Robots Seen as Filling Caregiver Vacuum for Aging Baby Boomers
With America growing grayer by the year because of the aging Baby Boom generation, the health care industry is in need of more elderly care workers. But due to low wages for such work, an insufficient number of people are vying for these jobs, leaving a vacuum that someone—or something—must fill.
Enter robots. Through the work of various universities, several new types of robots are coming along that could help care for seniors.
There’s Cody, a robotic nurse developed at the Georgia Institute of Technology that’s “gentle enough to bathe elderly patients.”
Then there’s HERB, the Home Exploring Robot Butler, from Carnegie Mellon that can retrieve household needs for patients and even help with the cleaning.
A third robot, Hector, can remind patients to take their medicine, help locate eyeglasses and assist in the event of a fall, according to its developers at the University of Reading in England.
Not everyone is thrilled with the idea of robots caring for the elderly.
Sherry Turkle, a professor of science, technology and society at the Massachusetts Institute of Technology and author of the book Alone Together: Why We Expect More from Technology and Less from Each Other, told The New York Times:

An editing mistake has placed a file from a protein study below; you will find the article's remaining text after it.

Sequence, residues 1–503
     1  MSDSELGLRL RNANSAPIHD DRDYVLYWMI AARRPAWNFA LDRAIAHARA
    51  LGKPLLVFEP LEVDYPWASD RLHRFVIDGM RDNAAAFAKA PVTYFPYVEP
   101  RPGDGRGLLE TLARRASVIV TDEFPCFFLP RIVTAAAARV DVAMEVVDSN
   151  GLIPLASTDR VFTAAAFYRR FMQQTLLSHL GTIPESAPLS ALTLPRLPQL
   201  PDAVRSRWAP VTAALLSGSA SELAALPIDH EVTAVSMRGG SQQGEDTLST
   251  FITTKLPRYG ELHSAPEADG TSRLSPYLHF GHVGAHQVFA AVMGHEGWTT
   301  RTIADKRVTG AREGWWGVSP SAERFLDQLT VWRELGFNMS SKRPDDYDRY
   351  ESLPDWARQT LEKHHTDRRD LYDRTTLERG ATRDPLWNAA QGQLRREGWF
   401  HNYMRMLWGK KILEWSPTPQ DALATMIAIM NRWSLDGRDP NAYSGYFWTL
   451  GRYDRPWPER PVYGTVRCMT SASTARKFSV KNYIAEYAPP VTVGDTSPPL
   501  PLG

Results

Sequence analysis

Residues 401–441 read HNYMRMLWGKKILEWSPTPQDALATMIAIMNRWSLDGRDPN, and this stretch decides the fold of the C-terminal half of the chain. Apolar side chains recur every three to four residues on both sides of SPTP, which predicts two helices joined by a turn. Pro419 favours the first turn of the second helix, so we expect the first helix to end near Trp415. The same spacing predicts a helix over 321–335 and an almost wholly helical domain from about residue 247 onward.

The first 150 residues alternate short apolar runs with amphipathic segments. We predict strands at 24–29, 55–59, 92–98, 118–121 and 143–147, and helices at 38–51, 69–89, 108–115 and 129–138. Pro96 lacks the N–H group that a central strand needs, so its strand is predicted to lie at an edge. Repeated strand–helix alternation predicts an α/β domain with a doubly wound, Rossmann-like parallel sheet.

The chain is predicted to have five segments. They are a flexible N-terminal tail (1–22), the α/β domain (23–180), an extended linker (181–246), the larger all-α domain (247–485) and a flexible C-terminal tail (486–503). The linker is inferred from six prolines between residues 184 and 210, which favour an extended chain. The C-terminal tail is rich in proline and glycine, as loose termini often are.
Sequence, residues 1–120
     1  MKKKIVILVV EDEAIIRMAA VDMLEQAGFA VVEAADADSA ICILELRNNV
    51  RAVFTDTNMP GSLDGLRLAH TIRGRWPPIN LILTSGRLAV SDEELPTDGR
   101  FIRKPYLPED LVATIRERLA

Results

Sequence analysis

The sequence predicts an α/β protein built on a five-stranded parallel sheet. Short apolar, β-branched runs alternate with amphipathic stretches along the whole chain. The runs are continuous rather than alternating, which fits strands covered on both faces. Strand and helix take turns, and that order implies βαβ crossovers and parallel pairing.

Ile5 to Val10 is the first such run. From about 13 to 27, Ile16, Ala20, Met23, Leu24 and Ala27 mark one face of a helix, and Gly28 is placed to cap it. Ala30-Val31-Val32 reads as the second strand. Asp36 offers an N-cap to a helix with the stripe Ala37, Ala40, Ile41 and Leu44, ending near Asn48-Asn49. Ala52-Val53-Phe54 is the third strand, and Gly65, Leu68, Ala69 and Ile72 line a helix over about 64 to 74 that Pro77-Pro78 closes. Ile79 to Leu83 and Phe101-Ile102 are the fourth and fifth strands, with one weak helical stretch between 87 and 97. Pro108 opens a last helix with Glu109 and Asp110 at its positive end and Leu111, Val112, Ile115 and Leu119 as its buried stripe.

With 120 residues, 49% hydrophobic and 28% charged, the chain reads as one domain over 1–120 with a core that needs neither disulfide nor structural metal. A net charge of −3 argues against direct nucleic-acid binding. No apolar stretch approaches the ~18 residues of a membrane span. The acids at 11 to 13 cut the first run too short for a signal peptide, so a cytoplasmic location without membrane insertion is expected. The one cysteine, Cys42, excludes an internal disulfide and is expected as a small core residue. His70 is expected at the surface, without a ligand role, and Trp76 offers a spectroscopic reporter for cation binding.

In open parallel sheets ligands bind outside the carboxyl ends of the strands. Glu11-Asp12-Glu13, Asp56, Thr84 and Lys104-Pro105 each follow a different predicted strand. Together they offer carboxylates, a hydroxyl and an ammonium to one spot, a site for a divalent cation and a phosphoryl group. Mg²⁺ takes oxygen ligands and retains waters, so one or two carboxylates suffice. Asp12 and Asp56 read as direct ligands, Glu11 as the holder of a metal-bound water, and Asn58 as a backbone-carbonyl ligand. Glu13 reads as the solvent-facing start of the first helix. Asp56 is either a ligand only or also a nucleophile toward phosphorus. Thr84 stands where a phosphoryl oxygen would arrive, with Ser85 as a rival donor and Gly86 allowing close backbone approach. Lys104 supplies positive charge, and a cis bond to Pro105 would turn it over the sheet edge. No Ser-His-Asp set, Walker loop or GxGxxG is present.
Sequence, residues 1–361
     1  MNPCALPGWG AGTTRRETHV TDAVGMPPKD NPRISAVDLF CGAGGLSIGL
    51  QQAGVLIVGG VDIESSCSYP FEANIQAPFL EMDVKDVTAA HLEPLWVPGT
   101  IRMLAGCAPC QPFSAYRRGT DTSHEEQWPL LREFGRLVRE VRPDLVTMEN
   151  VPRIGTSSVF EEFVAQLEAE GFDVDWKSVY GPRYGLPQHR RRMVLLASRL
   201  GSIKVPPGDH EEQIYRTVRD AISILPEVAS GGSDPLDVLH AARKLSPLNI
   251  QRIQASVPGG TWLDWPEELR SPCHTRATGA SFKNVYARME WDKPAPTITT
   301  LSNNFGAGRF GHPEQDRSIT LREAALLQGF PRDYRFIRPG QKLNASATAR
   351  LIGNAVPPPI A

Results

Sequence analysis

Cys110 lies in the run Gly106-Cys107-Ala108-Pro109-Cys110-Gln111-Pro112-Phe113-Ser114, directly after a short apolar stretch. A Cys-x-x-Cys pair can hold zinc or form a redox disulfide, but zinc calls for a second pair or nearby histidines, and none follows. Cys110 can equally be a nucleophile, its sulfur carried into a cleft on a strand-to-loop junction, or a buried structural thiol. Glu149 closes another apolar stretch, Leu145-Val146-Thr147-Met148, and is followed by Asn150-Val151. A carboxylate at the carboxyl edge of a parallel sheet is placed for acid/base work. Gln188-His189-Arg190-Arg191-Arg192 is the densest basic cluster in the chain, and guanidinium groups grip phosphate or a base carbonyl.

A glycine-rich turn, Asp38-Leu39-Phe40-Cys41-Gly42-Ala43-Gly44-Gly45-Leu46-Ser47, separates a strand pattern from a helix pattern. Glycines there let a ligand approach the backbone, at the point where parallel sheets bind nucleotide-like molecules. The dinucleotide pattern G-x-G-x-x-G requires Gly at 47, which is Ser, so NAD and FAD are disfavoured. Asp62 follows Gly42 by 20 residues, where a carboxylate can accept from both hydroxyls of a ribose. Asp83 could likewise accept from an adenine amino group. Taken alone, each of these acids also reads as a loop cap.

“I felt like this isn’t amazing; this is sad. We have been reduced to spectators of a conversation that has no meaning,” she said. “Giving old people robots to talk to is a dystopian view that is being classified as utopian.”
It is estimated that there will be more than 72 million Americans over the age of 65 by 2030, according to the Department of Health and Human Services, which is nearly twice as many currently.
Meanwhile, the U.S. will need 70% more home aide jobs in the next seven years, and people are not beating down the door for these positions that pay an average of about $20,000 a year.
To Learn More:
Disruptions: Helper Robots Are Steered, Tentatively, to Care for the Aging (by Nick Bilton, New York Times)
Revolutionary Robot Intended To Provide Elderly Care And Peace Of Mind (by Lee Rannals, redOrbit)
Granny and the Robots: Ethical Issues in Robot Care for the Elderly (by Amanda Sharkey and Noel Sharkey, University of Sheffield) (pdf)
In Economic Boom Times, Why Do More Elderly Women Die in Nursing Homes? (by Noel Brinkerhoff, AllGov)
First Wedding Performed by a Robot (by Noel Brinkerhoff, AllGov)
Humans Help Robots on City Streets (by Noel Brinkerhoff, AllGov)
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